Fortunately, when it comes to making and tracking changes to your business’s workflow that contribute to a greener environment, Rebox has it covered.

Every single business that uses Rebox’s services gets a “Corporate Recognition Award,” a yearly scorecard tracking our partner’s contributions to creating a greener planet.

Rebox’s environmental certificate provides concrete numbers on how much waste, energy, and water a business has saved by reusing corrugated cardboard boxes (CCB) instead of recycling them.

Rebox tracks net greenhouse gas reduction and water savings, letting our partners see (and feel good about) the tangible environmental benefits our service provides.

And reusing old corrugated cardboard boxes (CCB) makes a much larger difference to the environment than you might expect.

In North America, tens of millions of tons of CCB waste is generated every year. A big chunk of that waste ends up in landfills, even though a large majority could have been reused.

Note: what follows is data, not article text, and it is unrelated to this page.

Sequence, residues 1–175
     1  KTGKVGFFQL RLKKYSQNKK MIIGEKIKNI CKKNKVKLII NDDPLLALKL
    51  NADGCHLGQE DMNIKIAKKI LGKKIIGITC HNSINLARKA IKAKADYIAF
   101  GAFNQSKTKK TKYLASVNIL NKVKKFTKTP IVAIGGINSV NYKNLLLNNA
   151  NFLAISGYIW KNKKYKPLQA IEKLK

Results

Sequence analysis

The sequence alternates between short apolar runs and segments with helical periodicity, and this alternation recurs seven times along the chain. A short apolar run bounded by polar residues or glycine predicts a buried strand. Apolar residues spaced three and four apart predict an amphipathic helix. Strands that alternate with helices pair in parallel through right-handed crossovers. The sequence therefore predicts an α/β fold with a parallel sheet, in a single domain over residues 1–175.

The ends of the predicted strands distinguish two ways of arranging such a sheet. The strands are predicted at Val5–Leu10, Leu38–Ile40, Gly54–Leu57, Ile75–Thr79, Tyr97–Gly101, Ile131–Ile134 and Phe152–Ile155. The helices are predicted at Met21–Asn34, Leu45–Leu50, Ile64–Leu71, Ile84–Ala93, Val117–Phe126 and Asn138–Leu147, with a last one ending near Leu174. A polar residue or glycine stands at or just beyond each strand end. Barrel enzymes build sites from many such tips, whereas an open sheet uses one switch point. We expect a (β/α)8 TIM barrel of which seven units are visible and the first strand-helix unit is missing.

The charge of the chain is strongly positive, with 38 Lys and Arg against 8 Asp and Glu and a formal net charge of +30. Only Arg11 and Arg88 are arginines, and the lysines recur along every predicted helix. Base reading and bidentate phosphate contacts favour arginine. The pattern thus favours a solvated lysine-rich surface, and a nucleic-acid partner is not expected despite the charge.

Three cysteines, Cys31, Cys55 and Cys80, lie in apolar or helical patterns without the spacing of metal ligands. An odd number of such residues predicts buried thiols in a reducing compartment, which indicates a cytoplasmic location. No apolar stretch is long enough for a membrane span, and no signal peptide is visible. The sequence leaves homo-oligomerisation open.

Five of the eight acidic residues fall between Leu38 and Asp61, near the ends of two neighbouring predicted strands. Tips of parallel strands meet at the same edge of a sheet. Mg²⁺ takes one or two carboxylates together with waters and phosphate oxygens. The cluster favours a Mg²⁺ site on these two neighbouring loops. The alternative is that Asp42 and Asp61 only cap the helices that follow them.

Recycling CCB waste isn’t necessarily the answer, nor is it all that environmentally friendly, even though the word “recycle” tends to give that impression.

Enormous amounts of energy, water, and chemicals are used in the process to recycle CCB waste.

Not to mention the greenhouse gasses that are emitted during the recycling process, with so much more added because of a majority of North American CCB recycling is done in China.

Recycling puts 45x more greenhouse gasses into the atmosphere versus reusing CCB waste. Shockingly, if only a tenth of CCB waste in the United States alone was reused instead of recycled, greenhouse gas emissions would drop by 3000 metric tons every year.

Additionally, recycling CCB waste consumes 700x more water than the reusing process. For every ton of boxes reused instead of recycled, 18,450 gallons of water is conserved.

The reuse process is also ten times more energy efficient than recycling, since it’s mainly a manual process.

But don’t take our word for it. All of those facts were provided by the Nicholas School of the Environment at Duke University.

To veer away from all the science jargon, one bottling manufacturer in the West Coast of the United States can speak to the practical benefits of reusing CCB waste.